1. Keeping the draft-eligible juniors

One of the amazing storylines within LSU's success this season was the dispersion of talent among the various classifications. The offense will lose two key seniors in Joe Burrow and lineman Damien Lewis to graduation, and the defense will suffer a similar fate with defensive tackle Rashard Lawrence, linebacker Michael Divinity Jr., and corner Kristian Fulton, but the rest of the starters are all underclassmen. One would have to guess that juniors Justin Jefferson and Grant Delpit are NFL-bound. The same could be true for running back Clyde Edwards-Helaire. But if head coach Ed Orgeron can keep all the other key draft-eligible juniors on the roster, this team has a shot at repeating in the SEC West. On the upside, the breakdown could be seven starters back on offense and seven on defense. If the NFL comes calling, LSU will have to reload yet again.

 

2. Finding a replacement for Burrow

Offensive coordinator Steve Ensminger is in a tough situation: How do you replace the quarterback that put together arguably the greatest season in college football history? Junior Myles Brennan served as Burrow's backup during the 2019 run and completed 24-of-40 passes for 353 yards with a touchdown and an interception. Pushing Brennan this spring will be Class of 2019 four-star, dual-threat passer Peter Parrish. Two true freshman, four-star Max Johnson, and three-star TJ Finley, will try to work their way into the rotation. If Ensminger does not like what he has on the roster, might LSU go into the transfer portal to find a veteran gunslinger, like Burrow when he left Ohio State, who can guide the offense in 2020? Houston's D'Eriq King could be an appealing name.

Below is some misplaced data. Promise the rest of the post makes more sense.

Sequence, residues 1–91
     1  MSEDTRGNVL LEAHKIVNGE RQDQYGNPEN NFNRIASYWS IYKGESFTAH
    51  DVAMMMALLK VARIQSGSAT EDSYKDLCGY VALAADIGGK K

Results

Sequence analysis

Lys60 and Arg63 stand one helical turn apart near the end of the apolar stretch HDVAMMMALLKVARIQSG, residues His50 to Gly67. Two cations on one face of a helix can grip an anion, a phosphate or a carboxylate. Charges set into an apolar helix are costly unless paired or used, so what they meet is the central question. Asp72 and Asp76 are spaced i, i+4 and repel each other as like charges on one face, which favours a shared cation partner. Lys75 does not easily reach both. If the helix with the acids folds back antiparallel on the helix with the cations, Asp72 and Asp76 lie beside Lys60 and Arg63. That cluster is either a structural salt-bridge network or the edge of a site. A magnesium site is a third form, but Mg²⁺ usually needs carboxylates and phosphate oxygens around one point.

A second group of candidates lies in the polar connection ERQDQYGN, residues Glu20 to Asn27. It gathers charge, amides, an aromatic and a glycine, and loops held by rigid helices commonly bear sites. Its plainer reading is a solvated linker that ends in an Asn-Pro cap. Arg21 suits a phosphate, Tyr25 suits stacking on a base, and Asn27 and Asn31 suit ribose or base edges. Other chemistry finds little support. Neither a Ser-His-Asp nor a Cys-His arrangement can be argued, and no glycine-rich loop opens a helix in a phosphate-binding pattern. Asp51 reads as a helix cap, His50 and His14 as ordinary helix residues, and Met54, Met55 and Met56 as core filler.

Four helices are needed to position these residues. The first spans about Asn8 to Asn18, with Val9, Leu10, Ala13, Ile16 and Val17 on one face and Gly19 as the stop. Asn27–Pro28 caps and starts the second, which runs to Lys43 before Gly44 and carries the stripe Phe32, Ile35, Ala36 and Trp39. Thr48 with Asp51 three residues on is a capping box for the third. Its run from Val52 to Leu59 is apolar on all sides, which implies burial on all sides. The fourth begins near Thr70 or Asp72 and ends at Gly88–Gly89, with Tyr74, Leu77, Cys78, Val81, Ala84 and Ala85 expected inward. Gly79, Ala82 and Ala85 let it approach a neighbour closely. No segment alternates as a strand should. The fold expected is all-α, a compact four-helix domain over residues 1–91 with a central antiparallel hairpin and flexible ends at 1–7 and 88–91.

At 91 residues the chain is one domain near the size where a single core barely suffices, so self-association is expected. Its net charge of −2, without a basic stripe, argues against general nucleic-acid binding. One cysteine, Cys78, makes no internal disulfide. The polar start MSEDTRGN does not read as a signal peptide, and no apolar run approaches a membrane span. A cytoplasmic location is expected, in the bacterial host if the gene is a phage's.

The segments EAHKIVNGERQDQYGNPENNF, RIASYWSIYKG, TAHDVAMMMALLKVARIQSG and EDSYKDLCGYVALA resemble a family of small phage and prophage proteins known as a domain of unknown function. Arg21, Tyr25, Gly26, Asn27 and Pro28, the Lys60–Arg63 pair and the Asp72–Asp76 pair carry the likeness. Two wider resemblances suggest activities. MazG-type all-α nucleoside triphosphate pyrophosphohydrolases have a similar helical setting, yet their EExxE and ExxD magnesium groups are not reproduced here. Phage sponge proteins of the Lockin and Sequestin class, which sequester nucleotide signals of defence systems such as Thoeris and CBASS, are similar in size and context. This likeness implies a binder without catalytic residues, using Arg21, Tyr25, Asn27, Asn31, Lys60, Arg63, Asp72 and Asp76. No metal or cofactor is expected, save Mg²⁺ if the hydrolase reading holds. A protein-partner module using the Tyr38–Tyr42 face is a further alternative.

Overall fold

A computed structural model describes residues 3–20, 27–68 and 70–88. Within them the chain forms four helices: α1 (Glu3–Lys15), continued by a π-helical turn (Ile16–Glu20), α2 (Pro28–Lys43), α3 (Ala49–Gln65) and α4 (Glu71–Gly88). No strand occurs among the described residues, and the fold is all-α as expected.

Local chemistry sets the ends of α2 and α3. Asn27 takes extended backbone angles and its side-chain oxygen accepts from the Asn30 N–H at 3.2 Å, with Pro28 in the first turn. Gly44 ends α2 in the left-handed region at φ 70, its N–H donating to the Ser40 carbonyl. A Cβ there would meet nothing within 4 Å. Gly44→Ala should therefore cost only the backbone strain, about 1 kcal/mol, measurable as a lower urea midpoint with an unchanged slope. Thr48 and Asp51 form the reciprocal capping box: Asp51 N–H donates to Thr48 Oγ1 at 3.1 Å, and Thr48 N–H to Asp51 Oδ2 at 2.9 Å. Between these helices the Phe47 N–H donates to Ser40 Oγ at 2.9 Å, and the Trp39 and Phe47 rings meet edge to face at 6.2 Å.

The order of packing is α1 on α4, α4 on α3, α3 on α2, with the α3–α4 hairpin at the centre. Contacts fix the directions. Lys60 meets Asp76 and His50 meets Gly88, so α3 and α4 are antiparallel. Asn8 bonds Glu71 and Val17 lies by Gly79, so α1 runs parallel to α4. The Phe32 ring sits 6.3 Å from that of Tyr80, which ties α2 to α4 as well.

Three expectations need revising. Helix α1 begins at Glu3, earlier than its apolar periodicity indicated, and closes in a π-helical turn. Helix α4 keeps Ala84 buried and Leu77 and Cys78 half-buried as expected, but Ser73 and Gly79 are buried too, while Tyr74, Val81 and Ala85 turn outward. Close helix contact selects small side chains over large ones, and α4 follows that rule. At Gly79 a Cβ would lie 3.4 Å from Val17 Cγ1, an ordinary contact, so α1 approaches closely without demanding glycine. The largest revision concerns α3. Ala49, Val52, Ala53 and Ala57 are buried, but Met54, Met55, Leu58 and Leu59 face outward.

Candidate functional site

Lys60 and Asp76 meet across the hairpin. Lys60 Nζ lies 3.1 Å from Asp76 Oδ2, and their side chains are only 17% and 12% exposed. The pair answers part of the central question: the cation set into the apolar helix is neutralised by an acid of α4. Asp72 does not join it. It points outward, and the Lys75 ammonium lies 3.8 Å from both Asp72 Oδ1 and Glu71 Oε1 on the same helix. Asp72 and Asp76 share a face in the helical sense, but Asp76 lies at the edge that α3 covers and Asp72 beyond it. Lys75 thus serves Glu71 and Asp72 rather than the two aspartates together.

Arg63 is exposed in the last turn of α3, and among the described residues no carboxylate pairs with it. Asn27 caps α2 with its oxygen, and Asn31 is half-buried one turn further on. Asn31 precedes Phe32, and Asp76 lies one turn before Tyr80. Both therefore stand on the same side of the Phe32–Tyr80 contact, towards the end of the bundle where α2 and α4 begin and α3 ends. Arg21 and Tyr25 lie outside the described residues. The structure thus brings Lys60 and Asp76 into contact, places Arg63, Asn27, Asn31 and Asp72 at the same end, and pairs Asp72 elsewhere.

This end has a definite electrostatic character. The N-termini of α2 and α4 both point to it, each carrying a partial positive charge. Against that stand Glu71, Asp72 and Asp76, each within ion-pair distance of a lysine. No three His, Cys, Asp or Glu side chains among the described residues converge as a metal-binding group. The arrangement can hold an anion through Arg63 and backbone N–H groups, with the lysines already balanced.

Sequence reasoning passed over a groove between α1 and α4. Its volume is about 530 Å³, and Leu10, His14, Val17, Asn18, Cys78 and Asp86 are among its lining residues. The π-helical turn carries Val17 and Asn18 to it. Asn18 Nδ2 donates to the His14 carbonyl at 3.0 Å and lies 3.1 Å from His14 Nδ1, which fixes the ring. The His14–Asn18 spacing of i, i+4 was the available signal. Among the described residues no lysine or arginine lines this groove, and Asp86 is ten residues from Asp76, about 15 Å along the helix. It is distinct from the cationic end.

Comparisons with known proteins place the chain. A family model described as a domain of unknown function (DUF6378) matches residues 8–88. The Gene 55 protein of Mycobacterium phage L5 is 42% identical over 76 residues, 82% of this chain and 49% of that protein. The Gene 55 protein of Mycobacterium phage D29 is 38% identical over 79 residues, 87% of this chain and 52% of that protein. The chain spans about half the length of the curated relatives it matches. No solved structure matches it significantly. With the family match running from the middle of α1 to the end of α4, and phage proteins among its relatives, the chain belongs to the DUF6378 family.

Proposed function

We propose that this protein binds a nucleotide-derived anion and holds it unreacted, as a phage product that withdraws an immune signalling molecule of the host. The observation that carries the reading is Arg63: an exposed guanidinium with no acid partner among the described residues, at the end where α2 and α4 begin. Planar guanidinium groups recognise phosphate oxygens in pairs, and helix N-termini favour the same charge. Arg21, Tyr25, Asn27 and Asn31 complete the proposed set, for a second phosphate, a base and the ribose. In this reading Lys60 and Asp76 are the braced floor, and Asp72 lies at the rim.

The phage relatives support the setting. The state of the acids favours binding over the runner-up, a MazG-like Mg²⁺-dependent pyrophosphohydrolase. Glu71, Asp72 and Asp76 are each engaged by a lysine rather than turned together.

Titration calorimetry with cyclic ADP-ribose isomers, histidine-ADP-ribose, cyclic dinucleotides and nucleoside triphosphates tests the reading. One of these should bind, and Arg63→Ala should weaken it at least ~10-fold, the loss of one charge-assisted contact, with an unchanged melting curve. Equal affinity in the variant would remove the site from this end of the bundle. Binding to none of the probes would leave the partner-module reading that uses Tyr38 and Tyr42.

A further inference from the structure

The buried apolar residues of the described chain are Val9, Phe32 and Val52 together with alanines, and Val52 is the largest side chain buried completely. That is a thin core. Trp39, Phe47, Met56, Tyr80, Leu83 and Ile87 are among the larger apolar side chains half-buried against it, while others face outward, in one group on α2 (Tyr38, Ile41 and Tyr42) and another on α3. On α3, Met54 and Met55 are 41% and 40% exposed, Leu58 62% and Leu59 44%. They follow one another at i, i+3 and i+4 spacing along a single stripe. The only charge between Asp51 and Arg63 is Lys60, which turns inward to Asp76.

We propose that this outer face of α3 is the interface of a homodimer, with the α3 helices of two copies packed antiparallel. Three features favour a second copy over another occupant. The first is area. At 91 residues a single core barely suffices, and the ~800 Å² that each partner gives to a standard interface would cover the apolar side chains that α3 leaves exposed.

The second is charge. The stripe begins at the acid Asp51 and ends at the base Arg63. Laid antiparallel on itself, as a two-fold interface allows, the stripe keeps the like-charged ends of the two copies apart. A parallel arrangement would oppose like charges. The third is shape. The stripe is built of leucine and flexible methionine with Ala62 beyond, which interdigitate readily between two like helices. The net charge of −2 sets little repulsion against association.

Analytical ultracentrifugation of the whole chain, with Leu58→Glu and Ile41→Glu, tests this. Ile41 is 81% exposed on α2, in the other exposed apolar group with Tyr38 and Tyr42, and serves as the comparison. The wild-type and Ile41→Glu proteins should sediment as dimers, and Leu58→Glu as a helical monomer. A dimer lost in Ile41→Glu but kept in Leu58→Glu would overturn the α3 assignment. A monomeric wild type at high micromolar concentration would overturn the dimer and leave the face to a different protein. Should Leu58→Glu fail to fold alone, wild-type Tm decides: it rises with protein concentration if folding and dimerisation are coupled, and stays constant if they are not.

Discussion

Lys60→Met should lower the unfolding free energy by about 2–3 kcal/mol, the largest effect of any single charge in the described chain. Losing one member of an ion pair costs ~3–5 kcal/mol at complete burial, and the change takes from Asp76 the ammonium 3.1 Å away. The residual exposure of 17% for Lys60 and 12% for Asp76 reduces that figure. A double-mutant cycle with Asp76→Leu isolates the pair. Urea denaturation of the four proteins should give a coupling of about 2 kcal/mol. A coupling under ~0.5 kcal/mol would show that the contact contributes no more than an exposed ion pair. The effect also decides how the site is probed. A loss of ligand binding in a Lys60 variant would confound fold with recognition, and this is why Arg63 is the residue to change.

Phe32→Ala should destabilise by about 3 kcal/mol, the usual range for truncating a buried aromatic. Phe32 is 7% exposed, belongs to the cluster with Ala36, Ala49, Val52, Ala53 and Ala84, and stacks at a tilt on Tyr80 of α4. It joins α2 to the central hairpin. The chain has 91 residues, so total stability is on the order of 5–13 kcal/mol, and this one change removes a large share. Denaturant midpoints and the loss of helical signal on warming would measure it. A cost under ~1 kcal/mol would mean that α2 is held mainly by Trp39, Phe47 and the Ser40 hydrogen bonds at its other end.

3. Firming up the defense

LSU's defense will once again be very talented in 2020 and perhaps even better in the box if all the underclassmen return. But if there is a mass exodus and fringe players with fourth-round grades or better decide to leave, coordinator Dave Aranda will have a lot of work ahead. Besides Freshman All-American corner Derek Stingley Jr., the entire secondary could be gone. If linebackers Jacob Phillips and Patrick Queen test the draft, all of the linebackers will have to be replaced. If all holds true with the juniors returning, a difference-maker on the edge is needed to pair with K'Lavon Chaisson. He sophomore led the team in tackles for a loss (13.5) and sacks (6.5).

 

The schedule aligns for LSU to make another run in 2020 with key home games against Texas and Alabama with only two tough road games against Florida and Texas A&M. Will all the talent return for a shot at going back-to-back?

 

— Written by Ryan Wright, who is part of the Athlon Contributor Network and an established media professional with more than two decades' worth of experience and is a member of the FWAA. Over the years, Wright has written for numerous sites and publications and has his own recruiting site, www.recruitingnewsguru.com. Follow him on Twitter @RyanWrightRNG.